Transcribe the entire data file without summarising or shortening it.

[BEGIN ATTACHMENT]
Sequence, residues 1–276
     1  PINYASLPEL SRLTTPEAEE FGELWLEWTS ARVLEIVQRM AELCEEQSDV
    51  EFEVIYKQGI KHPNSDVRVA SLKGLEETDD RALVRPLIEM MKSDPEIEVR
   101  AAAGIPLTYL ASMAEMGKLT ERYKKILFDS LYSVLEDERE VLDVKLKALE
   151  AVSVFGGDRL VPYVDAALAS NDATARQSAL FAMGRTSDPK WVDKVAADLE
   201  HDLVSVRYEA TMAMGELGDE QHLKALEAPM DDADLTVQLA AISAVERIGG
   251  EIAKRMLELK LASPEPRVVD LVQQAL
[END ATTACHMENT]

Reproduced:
Sequence, residues 1–276
     1  PINYASLPEL SRLTTPEAEE FGELWLEWTS ARVLEIVQRM AELCEEQSDV
    51  EFEVIYKQGI KHPNSDVRVA SLKGLEETDD RALVRPLIEM MKSDPEIEVR
   101  AAAGIPLTYL ASMAEMGKLT ERYKKILFDS LYSVLEDERE VLDVKLKALE
   151  AVSVFGGDRL VPYVDAALAS NDATARQSAL FAMGRTSDPK WVDKVAADLE
   201  HDLVSVRYEA TMAMGELGDE QHLKALEAPM DDADLTVQLA AISAVERIGG
   251  EIAKRMLELK LASPEPRVVD LVQQAL